I recently had an opportunity to swing by the offices of One World Futbol for their “Power of Play” potluck. GOALS Haiti and OWF have worked together for years to get their virtually indestructible soccer balls to the kids and communities who need them most in Haiti. We’ve used these soccer balls all over, from mountain tops to tent cities. It’s the only soccer ball I’ve seen that can hold up to the passion that kids in Haiti have for playing the game. It’s the solution to the problem I posed in a 2010 blog post for GOALS, “Where Soccer Balls Come to Die.”
I wasn’t always so passionate about sport-for-development, this quickly growing field that uses sport and play to improve quality of life, bring people together, and spark societal change. I was focused on homelessness, economic development, and other social inequality issues.
That’s all well and good, but the kids in Haiti didn’t ask me about the historical role of foreign aid on their country’s deforestation. They asked for soccer balls. In March 2010, I saw children playing a game of soccer in the streets of Leogane, surrounded by rubble. (“Inside the Shantytowns at Haiti’s Ground Zero”) They were focused and having fun, able to temporarily remove themselves from the surrounding devastation. The idea for GOALS sprang from the idea that you can bridge the gap between this love for soccer and a country’s enormous challenges to help people in a fun, and therefore sustainable, way.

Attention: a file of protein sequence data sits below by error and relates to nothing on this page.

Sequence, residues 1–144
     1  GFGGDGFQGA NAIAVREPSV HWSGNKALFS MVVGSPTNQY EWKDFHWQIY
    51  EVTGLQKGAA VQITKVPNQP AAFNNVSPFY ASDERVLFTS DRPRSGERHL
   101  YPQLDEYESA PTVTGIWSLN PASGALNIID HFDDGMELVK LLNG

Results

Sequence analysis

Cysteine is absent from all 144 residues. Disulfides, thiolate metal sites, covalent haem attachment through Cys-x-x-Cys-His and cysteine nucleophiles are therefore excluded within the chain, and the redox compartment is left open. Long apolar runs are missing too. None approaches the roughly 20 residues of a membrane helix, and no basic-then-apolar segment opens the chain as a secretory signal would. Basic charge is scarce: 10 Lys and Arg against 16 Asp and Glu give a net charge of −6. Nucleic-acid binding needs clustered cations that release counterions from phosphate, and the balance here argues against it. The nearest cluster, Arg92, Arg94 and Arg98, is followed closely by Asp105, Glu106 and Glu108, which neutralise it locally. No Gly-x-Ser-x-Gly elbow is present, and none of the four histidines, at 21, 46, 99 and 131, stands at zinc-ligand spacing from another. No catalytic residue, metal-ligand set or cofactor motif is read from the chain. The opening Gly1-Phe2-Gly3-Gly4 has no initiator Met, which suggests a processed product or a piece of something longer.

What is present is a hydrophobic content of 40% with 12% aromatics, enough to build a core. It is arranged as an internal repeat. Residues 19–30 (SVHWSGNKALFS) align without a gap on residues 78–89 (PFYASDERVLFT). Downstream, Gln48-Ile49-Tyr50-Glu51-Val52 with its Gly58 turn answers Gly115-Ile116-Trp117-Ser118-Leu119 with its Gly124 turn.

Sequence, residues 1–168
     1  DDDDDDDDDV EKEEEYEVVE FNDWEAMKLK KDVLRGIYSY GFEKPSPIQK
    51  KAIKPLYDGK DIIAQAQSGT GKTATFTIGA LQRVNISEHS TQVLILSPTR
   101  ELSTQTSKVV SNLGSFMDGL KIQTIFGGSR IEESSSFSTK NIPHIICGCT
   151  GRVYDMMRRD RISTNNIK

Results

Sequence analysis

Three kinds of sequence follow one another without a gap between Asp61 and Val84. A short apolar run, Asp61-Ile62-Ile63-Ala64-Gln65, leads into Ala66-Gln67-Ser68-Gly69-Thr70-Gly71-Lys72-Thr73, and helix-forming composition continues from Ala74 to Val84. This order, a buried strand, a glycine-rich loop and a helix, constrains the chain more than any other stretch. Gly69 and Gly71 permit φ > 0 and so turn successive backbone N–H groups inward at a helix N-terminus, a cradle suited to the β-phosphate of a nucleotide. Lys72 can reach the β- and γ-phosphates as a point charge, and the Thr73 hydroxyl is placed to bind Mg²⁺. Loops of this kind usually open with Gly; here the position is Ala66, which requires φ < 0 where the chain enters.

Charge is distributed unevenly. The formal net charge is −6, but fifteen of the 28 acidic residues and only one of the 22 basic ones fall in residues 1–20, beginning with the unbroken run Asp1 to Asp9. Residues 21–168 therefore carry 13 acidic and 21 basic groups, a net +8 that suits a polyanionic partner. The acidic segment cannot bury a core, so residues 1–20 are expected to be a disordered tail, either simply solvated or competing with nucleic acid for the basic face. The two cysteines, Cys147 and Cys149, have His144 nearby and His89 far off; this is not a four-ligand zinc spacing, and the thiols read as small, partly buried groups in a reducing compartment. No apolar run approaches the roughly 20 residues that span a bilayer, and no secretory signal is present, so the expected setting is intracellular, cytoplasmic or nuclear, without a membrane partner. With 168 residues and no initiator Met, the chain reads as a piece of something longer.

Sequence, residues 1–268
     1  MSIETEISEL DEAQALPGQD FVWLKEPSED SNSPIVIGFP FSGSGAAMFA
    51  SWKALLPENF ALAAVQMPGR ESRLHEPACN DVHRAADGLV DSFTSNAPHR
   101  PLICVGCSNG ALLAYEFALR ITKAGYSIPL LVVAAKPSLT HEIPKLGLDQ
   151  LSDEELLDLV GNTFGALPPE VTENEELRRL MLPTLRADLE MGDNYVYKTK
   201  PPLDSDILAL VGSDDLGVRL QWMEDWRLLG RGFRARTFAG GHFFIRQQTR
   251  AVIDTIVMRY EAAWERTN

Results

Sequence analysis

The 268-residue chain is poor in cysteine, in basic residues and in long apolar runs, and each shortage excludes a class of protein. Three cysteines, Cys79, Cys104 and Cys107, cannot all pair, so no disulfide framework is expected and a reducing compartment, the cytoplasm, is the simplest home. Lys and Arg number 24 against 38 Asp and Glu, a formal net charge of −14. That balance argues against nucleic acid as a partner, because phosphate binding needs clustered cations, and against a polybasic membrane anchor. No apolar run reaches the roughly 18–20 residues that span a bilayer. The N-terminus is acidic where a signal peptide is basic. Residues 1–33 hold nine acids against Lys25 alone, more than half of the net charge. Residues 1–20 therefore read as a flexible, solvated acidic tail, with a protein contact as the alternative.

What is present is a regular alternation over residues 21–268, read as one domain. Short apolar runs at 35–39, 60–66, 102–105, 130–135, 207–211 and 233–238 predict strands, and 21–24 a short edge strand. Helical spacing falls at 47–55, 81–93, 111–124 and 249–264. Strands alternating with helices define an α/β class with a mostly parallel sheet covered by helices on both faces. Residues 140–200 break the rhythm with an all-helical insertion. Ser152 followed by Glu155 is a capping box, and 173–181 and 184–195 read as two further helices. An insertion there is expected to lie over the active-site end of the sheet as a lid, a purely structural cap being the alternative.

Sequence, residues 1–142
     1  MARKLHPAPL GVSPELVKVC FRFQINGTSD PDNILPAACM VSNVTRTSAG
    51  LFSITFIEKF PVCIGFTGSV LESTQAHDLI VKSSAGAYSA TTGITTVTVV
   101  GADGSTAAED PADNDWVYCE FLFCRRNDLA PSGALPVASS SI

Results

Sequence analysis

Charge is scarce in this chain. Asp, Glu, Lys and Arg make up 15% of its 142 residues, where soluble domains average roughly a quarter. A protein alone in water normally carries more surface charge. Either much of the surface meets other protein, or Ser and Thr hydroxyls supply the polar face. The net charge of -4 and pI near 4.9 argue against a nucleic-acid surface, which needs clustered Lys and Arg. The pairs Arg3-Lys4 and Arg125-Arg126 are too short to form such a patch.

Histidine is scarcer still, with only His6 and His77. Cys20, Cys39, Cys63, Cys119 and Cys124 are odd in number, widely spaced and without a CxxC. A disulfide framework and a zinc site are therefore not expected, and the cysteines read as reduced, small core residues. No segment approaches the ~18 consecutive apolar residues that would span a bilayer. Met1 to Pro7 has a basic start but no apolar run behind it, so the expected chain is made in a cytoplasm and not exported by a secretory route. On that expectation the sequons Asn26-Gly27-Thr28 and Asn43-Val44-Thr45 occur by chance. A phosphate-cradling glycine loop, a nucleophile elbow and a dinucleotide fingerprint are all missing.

Fast forward four years later, and I’m a firm believer that sport is an unparalleled tool to effect social change. We get a lot of ‘serious’ development work done while having fun. I have seen the value in a child getting a chance to play and laugh, alongside drinking clean water, going to school, and planting trees.
And it’s not just kids, either. During my visit, Tim Jahnigen, co-founder of One World Futbol, brought up the 1914 Christmas Day Truce, when World War I took a remarkable hiatus on the front lines for the holidays. Men played soccer in the no man’s land between opposing armies, stepping away from their weapons and scrimmaging with whatever was at hand.
The official recognition of play is growing. While the Wall Street Journal reported on children as young as 5 taking entrepreneurship classes, Forbes reported that unstructured free time with hands-on play is the key to fostering independence, creativity and strategic thinking. The international community recently celebrated the first-ever International Day of Sport for Development and Peace on April 6.
Sport and play seem to be gaining street cred. I think it’s because the two are successful not only on an international level, but also resonate with us as individuals. It’s something we inherently crave, and it makes us better. As Jahnigen puts it, play helps us go from living as human beings to thriving as “humane beings.”